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By Peter Alexander, Alex Moe and Rebecca Shabad

WASHINGTON — House Speaker Nancy Pelosi, D-Calif., told her Democratic colleagues Thursday that President Donald Trump “wants to be impeached” so that he can be vindicated by the Senate.

Pelosi made the comments at a closed-door morning meeting, two Democratic aides told NBC News, who also said that Pelosi called Trump’s actions “villainous.”

The aide said that Pelosi was implying that she will stick to her current plan to keep investigating the president and his administration without jumping to impeachment, though she didn’t explicitly address strategy in her remarks.

“Let me be very clear: the president’s behavior, as far as his obstruction of justice, the things that he is doing, it’s in plain sight, it cannot be denied — ignoring subpoenas, obstruction of justice,” Pelosi told reporters at her weekly press conference Thursday following the closed-door meeting.

May 23, 201901:23

But she continued to stress a focus on process. “I do think that impeachment is a very divisive place to go in our country,” she said. “Get the facts to the American people in our investigation … it may take us to a place that is unavoidable in terms of impeachment, but we’re not at that place.”

Thirty-two members of the House Democratic caucus have so far voiced support for opening an impeachment inquiry against Trump, many of whom came out in support of such a strategy just this week.

The House speaker’s message comes a day after she and Trump tangled over her claim that he had engaged in a “cover-up,” as vocal support for impeachment surged in the Democratic caucus.

“We do believe that it’s important to follow the facts. We believe that no one is above the law, including the president of the United States. And we believe that the president of the United States is engaged in a cover-up,” Pelosi told reporters in the morning, following a closed-door caucus meeting with Democratic lawmakers focused on impeachment.

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The president later cut short a previously scheduled White House visit with Democratic leaders including Pelosi and Senate Minority Leader Chuck Schumer, D-N.Y., that had been planned to discuss infrastructure policy.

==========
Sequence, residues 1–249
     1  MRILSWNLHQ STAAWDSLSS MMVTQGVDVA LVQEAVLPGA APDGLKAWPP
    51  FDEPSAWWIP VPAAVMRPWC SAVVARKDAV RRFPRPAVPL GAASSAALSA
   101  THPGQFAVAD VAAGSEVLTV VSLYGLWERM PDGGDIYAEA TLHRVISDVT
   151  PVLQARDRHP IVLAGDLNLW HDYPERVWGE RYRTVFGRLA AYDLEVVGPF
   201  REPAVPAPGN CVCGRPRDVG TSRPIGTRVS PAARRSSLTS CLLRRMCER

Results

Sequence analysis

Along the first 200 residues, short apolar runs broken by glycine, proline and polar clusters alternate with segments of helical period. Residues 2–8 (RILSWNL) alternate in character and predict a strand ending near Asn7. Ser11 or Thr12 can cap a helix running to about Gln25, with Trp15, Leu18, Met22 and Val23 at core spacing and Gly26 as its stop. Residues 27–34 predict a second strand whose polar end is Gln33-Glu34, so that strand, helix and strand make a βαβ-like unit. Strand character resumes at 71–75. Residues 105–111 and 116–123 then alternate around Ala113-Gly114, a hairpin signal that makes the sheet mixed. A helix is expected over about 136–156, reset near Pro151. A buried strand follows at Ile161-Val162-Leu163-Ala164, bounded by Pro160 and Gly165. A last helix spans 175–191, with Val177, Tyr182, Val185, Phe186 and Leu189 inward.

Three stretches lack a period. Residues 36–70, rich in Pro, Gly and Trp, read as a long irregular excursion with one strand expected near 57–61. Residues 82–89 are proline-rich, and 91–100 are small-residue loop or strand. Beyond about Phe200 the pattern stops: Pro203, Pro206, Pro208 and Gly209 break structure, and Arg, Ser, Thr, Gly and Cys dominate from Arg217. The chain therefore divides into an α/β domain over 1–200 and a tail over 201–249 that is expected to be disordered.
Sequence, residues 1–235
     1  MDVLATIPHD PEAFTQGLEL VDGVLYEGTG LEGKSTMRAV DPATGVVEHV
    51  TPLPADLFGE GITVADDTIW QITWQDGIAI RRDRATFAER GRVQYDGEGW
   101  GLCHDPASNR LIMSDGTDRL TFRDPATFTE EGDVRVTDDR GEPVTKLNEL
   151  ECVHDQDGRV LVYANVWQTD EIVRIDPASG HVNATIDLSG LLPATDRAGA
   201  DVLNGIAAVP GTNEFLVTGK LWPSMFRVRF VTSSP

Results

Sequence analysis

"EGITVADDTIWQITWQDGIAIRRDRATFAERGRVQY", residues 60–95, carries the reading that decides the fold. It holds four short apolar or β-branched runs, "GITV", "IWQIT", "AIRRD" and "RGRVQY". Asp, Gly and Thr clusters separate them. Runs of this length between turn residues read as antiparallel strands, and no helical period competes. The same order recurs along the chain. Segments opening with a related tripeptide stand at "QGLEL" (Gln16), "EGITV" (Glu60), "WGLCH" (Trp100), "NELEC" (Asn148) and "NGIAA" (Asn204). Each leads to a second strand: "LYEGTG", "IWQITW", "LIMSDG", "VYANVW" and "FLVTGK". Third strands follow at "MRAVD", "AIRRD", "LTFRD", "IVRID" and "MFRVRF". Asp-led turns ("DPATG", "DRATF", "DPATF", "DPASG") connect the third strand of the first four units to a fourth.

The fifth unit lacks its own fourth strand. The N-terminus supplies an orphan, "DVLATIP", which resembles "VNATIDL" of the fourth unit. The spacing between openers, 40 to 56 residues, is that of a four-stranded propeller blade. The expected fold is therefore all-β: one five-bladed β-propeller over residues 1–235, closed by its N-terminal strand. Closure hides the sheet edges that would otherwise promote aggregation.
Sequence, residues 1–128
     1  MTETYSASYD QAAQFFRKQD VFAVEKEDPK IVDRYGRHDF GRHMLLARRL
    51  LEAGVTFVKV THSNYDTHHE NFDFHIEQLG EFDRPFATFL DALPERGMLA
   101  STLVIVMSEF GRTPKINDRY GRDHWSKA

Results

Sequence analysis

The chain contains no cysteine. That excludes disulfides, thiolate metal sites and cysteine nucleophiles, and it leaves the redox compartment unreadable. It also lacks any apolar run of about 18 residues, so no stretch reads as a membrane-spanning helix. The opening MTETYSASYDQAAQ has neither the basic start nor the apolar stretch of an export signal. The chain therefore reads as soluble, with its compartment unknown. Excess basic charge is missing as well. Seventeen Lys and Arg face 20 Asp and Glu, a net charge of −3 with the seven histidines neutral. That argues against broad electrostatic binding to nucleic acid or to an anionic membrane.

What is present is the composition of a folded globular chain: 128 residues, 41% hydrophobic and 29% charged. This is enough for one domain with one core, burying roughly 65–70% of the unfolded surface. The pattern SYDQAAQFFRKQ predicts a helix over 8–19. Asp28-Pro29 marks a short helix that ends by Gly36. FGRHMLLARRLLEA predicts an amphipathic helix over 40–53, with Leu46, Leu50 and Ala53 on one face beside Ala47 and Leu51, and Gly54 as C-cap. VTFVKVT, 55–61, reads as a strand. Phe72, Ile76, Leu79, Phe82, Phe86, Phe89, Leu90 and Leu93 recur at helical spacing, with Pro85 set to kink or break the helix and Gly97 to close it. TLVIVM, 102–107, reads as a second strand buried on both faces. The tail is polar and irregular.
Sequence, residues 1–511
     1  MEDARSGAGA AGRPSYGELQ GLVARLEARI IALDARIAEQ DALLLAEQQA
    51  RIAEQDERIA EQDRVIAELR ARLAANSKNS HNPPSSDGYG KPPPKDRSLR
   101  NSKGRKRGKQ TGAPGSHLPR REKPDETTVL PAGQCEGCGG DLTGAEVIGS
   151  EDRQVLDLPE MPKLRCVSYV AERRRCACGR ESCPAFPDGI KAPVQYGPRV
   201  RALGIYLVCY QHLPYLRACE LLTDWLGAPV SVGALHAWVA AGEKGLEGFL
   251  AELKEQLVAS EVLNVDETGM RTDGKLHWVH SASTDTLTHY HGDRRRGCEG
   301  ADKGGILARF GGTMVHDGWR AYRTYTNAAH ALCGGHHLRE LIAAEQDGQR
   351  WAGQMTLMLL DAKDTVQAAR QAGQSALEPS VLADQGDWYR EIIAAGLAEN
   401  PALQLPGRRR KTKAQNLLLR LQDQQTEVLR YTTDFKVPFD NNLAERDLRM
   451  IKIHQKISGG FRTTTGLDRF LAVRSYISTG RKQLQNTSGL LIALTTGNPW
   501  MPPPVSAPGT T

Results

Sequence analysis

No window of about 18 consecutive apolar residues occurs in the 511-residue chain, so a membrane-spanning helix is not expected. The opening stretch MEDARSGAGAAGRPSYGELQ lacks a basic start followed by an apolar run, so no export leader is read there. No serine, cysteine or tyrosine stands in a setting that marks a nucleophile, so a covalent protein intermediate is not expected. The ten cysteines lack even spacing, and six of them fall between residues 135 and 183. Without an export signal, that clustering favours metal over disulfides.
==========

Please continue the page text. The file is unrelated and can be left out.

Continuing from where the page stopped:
Pelosi said Thursday that the president pulled a “stunt” at the White House on Wednesday and “stormed out” of the room, throwing “another temper tantrum again.”

“I pray for the president of the United States,” she told reporters. “I wish that his family or his administration or his staff would have an intervention for the good of the country.”

May 23, 201902:02

Asked what she meant when she referenced a presidential “intervention,” Pelosi appeared to joke about the 25th Amendment, which allows for a process that could lead to the removal of the president through the vice president and Cabinet.

“Statutory intervention? That would be good. Article 25. That’s a good idea. I’ll take it up with my caucus, not that they haven’t been thinking about it.”

Following his brief White House meeting with Democratic leaders, Trump held an impromptu Rose Garden event blasting her statement, and the mounting congressional probes into his conduct and finances.

“I don’t do cover-ups,” he said, adding that legislative cooperation would be on hold until Hill investigations ended.

Pelosi said Thursday that the president was clearly unsettled by the string of legal setbacks, an apparent reference to court decisions this week that would require the release of previously withheld financial documents.

“What really got to him was these court cases and the fact that a House Democratic caucus is not on a path to impeachment, and that’s where he wants us to be,” she said. “When he saw that that was not happening that — again with the cover-up, which he understands is true — just really struck a chord.”

U.S. District Judge Edgardo Ramos ruled Wednesday that President Trump can’t block subpoenas House Democrats sent to two banks asking for financial documents related to his business. Photo: jane rosenberg/Reuters

WASHINGTON—The Democratic-controlled House of Representatives is playing an unusually active role in federal courtrooms, where the fate of key Trump administration policies as well as the powers of Congress to investigate the president are at stake.

Douglas Letter, general counsel of the House, over the past two weeks has argued—and won—two cases involving congressional subpoenas seeking Trump financial records. That includes one Wednesday in which a New York federal judge announced his decision against the president from the bench on the same day as the hearing; typically days or weeks pass before rulings are issued.

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He has also argued a case on the legality of Mr. Trump’s plans to pay for a southern U.S. border wall without appropriations from Congress, and is set to present a second case on that issue Thursday in Washington, D.C., where the House sued the administration to block its plans.

“We’re going to do this as a traveling roadshow,” Mr. Letter joked Friday during an Oakland, Calif., court hearing in which he argued that Mr. Trump “cannot build this wall without Congress.”

The House general counsel last month argued in the Supreme Court against the Trump administration’s plans to add a citizenship question to the 2020 census. And Mr. Letter’s office has persuaded a federal appeals court to allow the House to intervene in a case where Republican-led states are seeking to invalidate the Affordable Care Act, the Obama-era health law that the Trump administration is no longer defending in court.

Other cases are likely coming soon, including a potential challenge to the Trump administration’s refusal to turn over Mr. Trump’s tax returns.

The House Judiciary Committee voted in May to hold Attorney General William Barr in contempt of Congress after he defied their request for an unredacted Mueller report. WSJ reporters break down what legal options Congress has for enforcing a subpoena. Photo Illustration: Nailah Morgan